From 1997 to 2008, the number of peritoneal dialysis patients in developing countries increased by 24.9 patients per million population while in developed countries it increased by 21.8 per million population [1]. CAPD catheter malfunction is one of the major causes for discontinuation of this therapeutic modality. Incidence ranges from 12 to 73% [4]. Catheter malfunction accounts for 20% of patient transfers to hemodialysis [5]. Malfunction can result from occlusion of catheter by omental or small bowel wrapping with adhesions, fibrin clot, migration or malposition, and tunnel infections. Various series have reported omental wrapping and malposition to be the most common cause of malfunction [2, 6, 7]. Appendices epiploicae has been rarely reported as a cause of catheter occlusion [3]. CAPD catheter salvage instead of removal helps in functional rescue, thereby prolonging catheter life, decreasing patient morbidity, reducing financial burden, and allowing early institution of peritoneal dialysis, thereby decreasing dependence on intermediary hemodialysis [8]. Laparoscopic salvage of CAPD catheters has several reported advantages [8]. Laparoscopy provides a direct vision of the pathology, helps in diagnosis of other intra-abdominal pathologies, has lower incidence of postsurgical adhesions, incision related complications, postprocedure pain, thereby resulting in early ambulation, shorter hospital stay with quicker return to work. It allows early institution of peritoneal dialysis and better functional survival of catheter. Salvage procedures include laparoscopic unwrapping of omentum with omentectomy, omentopexy, [2] adhesiolysis, or laparoscopic milking of occluded catheters [9]. Laparoscopically salvaged catheters have been shown to have reasonably good period of catheter survival with a median of 163 days in some studies [7]. Initial success rates of as high as 100% have been reported [8] highlighting the usefulness of salvage procedures.

Catheter tip migration contributes to a substantial proportion of catheter malfunction. Those not corrected by conservative or stiff wire manipulation require surgical intervention. Laparoscopic salvage has definite advantages over open surgical procedures. Laparoscopic preperitoneal placement and pelvic fixation using extracorporeal knotting have been reported in an attempt to prevent catheter migration [10]. We report an innovative, easily performed technique of laparoscopic rescue of CAPD catheter malfunction due to wrapping by appendices epiploicae of sigmoid colon and catheter tip migration. In this, we first unwrapped the catheter from appendices epiploicae. The catheter was freely hanged underneath the pelvic peritoneum over prolene suture loops that were fixed to the peritoneum with hemostatic clips using laparoscopic clip applicator. The tip of the catheter was in the pelvic cavity. This technique has several advantages. Suture fixation is easy with hemostatic clips. The catheter hangs freely in the loop thereby allowing easy removal or exchange in the future. No separate incisions are required for subcutaneous suture fixation as it is done intraperitoneally. In order to prevent appendices from falling back on catheter, it was fixed to left lateral wall with hemostatic clips. This technique highlights the simplicity with which the catheter migration and occlusion can be prevented.

4. Conclusion

CAPD catheter malfunction is a common problem. Laparoscopic salvage of such catheters decreases patient’s morbidity. The laparoscopic hanging loop technique with epiplopexy using hemostatic clips helps in effectively preventing catheter tip migration out of pelvic cavity and rewrapping of catheter by appendices epiploicae.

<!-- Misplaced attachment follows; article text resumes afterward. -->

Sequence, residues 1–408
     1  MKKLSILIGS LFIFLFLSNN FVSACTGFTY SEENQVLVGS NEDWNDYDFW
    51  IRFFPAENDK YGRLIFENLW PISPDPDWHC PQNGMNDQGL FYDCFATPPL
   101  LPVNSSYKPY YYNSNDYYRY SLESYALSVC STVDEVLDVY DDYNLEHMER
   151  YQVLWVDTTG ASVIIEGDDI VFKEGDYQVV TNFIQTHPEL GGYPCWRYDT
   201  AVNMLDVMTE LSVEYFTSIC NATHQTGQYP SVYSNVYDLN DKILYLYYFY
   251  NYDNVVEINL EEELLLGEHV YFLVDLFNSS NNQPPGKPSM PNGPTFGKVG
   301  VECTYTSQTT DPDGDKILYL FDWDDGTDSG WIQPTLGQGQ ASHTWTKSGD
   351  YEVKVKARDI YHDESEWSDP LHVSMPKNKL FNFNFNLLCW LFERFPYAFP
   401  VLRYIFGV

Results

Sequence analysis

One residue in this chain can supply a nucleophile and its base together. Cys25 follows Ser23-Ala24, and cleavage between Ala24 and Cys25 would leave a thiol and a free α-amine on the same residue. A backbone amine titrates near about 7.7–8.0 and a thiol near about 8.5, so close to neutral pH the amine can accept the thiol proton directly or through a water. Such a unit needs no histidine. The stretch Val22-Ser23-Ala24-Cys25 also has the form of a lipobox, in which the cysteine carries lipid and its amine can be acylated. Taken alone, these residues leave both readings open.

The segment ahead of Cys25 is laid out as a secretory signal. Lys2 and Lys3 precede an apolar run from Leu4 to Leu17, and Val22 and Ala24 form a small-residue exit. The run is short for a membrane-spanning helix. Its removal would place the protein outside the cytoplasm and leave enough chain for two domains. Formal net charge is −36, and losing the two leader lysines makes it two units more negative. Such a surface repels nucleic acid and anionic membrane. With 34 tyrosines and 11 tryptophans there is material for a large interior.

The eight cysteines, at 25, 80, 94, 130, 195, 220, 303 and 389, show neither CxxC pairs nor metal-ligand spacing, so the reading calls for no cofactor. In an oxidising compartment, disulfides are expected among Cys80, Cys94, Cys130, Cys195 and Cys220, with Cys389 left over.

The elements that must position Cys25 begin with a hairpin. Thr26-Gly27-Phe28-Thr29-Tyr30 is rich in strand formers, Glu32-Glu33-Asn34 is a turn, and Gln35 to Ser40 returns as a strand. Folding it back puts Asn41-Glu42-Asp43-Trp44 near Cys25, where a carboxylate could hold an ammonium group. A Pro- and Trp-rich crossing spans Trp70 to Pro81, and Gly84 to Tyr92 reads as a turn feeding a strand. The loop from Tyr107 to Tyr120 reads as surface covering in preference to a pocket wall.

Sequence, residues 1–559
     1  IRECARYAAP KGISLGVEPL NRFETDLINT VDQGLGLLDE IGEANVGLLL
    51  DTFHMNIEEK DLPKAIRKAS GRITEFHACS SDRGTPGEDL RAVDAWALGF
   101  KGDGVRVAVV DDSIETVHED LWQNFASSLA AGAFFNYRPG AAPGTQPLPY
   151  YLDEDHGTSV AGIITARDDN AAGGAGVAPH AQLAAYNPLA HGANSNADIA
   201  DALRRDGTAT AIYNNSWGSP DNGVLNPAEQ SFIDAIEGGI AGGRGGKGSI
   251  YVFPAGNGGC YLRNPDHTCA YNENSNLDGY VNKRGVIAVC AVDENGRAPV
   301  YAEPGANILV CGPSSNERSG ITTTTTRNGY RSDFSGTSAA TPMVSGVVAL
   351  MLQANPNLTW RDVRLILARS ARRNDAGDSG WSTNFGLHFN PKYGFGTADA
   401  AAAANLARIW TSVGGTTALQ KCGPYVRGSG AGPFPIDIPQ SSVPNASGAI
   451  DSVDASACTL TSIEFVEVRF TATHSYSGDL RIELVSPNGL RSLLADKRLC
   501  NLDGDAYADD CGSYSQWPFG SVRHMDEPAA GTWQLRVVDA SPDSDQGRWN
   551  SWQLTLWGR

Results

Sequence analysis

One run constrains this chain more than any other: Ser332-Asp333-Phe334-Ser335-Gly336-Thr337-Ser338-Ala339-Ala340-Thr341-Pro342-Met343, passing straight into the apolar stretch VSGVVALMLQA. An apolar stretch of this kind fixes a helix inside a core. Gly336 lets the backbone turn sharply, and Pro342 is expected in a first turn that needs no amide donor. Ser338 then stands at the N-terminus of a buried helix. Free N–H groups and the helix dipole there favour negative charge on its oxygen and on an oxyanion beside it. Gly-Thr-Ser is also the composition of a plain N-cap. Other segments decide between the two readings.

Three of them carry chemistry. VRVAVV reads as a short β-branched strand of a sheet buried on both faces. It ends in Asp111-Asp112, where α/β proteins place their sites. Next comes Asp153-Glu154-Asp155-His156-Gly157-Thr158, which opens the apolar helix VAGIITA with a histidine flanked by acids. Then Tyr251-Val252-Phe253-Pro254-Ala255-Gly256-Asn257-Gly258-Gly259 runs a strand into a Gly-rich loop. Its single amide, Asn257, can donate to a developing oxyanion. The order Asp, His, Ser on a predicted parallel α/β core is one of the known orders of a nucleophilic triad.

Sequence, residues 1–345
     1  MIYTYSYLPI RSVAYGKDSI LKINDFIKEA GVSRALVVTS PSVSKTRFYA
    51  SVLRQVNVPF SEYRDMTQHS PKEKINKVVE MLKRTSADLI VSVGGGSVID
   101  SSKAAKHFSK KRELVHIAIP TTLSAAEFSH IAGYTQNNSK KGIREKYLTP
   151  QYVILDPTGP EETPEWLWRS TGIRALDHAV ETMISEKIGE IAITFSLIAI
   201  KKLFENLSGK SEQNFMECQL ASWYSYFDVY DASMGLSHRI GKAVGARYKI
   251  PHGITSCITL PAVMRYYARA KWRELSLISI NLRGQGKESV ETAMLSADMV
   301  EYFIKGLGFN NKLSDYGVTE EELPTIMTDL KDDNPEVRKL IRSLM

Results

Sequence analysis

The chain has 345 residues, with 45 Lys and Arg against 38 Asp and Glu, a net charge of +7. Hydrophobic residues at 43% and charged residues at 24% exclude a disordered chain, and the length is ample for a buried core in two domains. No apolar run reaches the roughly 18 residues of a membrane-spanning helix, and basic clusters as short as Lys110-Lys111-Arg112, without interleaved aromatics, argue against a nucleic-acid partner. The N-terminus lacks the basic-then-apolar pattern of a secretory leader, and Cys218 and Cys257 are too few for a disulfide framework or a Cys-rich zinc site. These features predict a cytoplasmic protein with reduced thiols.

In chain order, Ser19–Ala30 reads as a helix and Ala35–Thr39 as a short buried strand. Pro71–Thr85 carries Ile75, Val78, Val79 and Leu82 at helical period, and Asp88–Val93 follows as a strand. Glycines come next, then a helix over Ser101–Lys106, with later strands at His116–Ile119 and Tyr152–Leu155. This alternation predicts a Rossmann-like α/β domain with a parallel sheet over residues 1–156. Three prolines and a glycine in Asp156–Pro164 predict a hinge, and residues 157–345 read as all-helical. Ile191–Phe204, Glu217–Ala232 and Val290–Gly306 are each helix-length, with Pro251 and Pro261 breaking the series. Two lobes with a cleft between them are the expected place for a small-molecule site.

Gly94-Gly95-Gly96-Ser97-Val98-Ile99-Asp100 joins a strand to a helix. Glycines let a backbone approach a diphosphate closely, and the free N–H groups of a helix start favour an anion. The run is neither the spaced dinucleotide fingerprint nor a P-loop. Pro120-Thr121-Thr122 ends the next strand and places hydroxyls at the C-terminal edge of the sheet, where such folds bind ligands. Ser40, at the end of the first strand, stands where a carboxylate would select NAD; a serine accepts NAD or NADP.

Conflict of Interests

The authors report no conflict of interests.

References

  1. A. K. Jain, P. Blake, P. Cordy, and A. X. Garg, “Global trends in rates of peritoneal dialysis,” Journal of the American Society of Nephrology, vol. 23, no. 3, pp. 533–544, 2012. View at Publisher · View at Google Scholar · View at Scopus
  2. H. M. Zakaria, “Laparoscopic management of malfunctioning peritoneal dialysis catheters,” Oman Medical Journal, vol. 26, no. 3, pp. 171–174, 2011. View at Publisher · View at Google Scholar · View at Scopus
  3. J. H. Crabtree and A. Fishman, “Laparoscopic epiplopexy of the greater omentum and epiploic appendices in the salvaging of dysfunctional peritoneal dialysis catheters,” Surgical Laparoscopy, Endoscopy and Percutaneous Techniques, vol. 6, no. 3, pp. 176–180, 1996. View at Publisher · View at Google Scholar · View at Scopus
  4. J. Bernardini, B. Piraino, J. L. Holley, J. R. Johnston, and R. Lutes, “A randomized trial of Staphylococcus aureus prophylaxis in peritoneal dialysis patients: mupirocin calcium ointment 2% applied to the exit site versus cyclic oral rifampin,” American Journal of Kidney Diseases, vol. 27, no. 5, pp. 695–700, 1996. View at Publisher · View at Google Scholar · View at Scopus
  5. G. Ogunc, “Minilaparoscopic extraperitoneal tunneling with omentopexy: a new technique for CAPD catheter placement,” Peritoneal Dialysis International, vol. 25, no. 6, pp. 551–555, 2005. View at Google Scholar · View at Scopus
  6. G. Kazemzadeh, M.-H. S. Modaghegh, and A. Tavassoli, “Laparoscopic correction of peritoneal catheter dysfunction,” Indian Journal of Surgery, vol. 70, no. 5, pp. 227–230, 2008. View at Publisher · View at Google Scholar · View at Scopus
  7. S. Santarelli, M. Zeiler, R. Marinelli, T. Monteburini, A. Federico, and E. Ceraudo, “Videolaparoscopy as rescue therapy and placement of peritoneal dialysis catheters: s thirty-two case single centre experience,” Nephrology Dialysis Transplantation, vol. 21, no. 5, pp. 1348–1354, 2006. View at Publisher · View at Google Scholar · View at Scopus
  8. G. Ögünç, “Malfunctioning peritoneal dialysis catheter and accompanying surgical pathology repaired by laparoscopic surgery,” Peritoneal Dialysis International, vol. 22, no. 4, pp. 454–462, 2002. View at Google Scholar · View at Scopus
  9. C. Fourtounas, I. Maroulis, D. Karnabatidis, A. Hardalias, and J. G. Vlachojannis, “Salvage of a totally occluded peritoneal dialysis catheter by laparoscopic milking,” Seminars in Dialysis, vol. 26, no. 1, pp. E8–E10, 2013. View at Publisher · View at Google Scholar · View at Scopus
  10. M. E. Gunes, G. Uzum, O. Koc et al., “A modified method in laparoscopic peritoneal catheter implantation: the combination of preperitoneal tunneling and pelvic fixation,” ISRN Surgery, vol. 2013, Article ID 248126, 5 pages, 2013. View at Publisher · View at Google Scholar